3) Align With Smart People: Surrounding yourself with successful people will elevate you towards success. Financially successful people understand this principle and align themselves with people who will further their goals – not with people who distract them. If they are trying to learn how to invest, they will surround themselves with professional investors, industry experts, or engage friends who have already made successful investments. Additionally, they are eager to share their knowledge because they know that the ability to teach a subject is the trustiest form of mastery.
4) Evoke Energy: The road to success is rocky. It takes an enormous investment of time and energy to reach your goals, and staying positive during the journey is key to success. Whether it is gaining inspiration from a new article, book, or an interesting person, successful people always find a way to turn everything they touch into inspiration. This, in turn, ignites those around them and provides a source of constant energy.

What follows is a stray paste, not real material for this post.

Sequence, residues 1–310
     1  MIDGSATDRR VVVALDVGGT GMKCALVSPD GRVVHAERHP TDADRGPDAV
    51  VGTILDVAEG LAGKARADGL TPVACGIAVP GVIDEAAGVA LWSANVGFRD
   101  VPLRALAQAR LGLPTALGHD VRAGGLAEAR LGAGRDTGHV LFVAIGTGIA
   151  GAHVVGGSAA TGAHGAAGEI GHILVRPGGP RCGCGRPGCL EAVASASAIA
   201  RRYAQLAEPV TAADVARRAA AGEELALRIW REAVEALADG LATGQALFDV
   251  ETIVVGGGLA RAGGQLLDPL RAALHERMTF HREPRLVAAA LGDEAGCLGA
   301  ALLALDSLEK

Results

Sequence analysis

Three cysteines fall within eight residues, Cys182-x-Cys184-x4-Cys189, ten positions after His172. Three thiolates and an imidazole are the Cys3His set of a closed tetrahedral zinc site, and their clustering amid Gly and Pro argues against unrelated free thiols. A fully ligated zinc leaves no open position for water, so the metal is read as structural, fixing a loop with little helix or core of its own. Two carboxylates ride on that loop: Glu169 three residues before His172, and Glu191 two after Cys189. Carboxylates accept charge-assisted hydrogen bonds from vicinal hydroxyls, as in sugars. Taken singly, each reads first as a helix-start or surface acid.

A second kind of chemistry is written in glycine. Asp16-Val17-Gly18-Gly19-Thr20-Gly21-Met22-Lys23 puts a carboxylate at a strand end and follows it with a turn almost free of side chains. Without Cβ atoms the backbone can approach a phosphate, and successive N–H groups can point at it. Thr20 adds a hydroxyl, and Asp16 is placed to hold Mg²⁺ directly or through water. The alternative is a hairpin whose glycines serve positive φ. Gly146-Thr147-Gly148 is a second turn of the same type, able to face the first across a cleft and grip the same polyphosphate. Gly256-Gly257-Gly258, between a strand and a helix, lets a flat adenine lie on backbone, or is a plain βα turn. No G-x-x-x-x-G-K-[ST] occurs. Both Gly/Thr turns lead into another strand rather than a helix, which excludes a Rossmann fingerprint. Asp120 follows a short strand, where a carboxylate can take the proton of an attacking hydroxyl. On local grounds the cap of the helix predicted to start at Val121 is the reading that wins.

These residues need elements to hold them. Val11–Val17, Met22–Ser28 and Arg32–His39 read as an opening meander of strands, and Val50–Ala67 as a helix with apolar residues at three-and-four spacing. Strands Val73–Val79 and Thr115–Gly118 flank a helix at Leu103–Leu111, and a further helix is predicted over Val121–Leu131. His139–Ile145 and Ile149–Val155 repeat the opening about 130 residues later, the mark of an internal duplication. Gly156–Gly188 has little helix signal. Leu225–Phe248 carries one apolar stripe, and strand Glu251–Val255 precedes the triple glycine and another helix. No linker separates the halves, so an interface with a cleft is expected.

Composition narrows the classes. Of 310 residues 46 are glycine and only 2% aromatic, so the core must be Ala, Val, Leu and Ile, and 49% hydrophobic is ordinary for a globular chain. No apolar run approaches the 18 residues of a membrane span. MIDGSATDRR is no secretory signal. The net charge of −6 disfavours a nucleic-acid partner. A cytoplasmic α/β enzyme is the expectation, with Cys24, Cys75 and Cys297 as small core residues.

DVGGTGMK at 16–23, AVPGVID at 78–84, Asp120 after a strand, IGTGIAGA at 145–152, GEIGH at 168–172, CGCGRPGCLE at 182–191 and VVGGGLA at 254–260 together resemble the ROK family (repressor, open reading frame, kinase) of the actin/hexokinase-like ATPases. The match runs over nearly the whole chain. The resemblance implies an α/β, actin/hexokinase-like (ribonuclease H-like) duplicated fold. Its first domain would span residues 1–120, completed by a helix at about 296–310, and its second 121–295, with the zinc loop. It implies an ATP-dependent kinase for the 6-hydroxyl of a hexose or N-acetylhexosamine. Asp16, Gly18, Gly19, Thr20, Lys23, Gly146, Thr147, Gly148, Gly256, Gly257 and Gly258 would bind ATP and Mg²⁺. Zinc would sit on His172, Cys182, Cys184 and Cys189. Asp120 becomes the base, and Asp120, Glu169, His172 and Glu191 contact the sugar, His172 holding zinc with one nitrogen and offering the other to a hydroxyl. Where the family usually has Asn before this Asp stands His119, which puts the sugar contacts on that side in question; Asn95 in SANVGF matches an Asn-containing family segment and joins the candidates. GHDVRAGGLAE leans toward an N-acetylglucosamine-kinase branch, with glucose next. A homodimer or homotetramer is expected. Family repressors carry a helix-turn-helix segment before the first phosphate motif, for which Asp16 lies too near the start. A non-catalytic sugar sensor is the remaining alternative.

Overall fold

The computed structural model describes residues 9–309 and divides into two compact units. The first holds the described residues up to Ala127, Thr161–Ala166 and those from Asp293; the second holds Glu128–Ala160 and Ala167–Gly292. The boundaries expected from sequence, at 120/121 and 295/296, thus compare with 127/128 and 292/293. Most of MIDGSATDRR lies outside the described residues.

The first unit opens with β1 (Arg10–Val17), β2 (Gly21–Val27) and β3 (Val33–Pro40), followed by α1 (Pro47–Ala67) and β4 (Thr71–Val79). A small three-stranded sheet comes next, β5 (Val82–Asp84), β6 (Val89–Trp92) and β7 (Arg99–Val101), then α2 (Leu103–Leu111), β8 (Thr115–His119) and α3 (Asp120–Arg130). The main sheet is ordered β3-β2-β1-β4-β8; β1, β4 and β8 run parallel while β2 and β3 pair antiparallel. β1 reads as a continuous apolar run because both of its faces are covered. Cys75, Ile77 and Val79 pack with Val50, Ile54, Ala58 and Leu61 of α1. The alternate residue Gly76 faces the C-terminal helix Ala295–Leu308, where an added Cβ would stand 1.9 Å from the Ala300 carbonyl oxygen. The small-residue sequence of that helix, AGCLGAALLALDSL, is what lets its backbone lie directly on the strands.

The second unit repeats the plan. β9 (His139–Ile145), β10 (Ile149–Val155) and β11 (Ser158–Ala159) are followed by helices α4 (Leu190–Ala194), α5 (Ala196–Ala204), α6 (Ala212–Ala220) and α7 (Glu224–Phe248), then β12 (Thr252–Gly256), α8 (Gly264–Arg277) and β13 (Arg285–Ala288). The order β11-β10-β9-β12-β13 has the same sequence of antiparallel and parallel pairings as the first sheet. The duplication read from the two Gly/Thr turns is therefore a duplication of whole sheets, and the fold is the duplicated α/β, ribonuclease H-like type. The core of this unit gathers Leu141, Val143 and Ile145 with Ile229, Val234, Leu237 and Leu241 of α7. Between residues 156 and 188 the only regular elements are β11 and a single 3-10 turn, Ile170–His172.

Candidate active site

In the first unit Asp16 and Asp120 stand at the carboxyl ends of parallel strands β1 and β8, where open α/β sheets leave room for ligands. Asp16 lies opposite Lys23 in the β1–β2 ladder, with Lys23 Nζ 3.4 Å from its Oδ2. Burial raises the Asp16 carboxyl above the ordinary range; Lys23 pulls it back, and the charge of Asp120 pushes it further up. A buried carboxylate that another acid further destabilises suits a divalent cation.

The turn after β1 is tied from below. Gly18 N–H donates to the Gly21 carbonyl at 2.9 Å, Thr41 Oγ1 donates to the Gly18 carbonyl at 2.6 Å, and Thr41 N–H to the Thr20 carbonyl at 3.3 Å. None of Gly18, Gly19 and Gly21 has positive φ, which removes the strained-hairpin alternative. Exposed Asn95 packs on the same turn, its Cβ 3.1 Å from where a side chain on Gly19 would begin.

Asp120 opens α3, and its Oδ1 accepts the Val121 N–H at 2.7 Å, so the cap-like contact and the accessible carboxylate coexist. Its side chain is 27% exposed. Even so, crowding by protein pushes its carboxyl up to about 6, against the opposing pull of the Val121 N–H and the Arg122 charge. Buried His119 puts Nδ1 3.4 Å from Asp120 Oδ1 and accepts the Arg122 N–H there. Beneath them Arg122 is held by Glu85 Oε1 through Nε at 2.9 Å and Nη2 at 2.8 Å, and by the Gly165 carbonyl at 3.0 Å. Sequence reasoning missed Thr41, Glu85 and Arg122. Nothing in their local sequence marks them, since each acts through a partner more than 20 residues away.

5) Think Big: Those who we aspire to be like didn’t aim to achieve something small. Along the path to success, financially successful people had the audacity to dream big. When successful people step up to the plate, they don’t take small swings at success. Instead, they take the largest swing they can muster. Even if they fall short of their initial goal, success becomes a natural result.
The next time you meet someone who is financially successful, observe their behavior. Chances are that one of these five traits will manifest itself. If you choose to examine and emulate, then you too will be well on the way to financial success.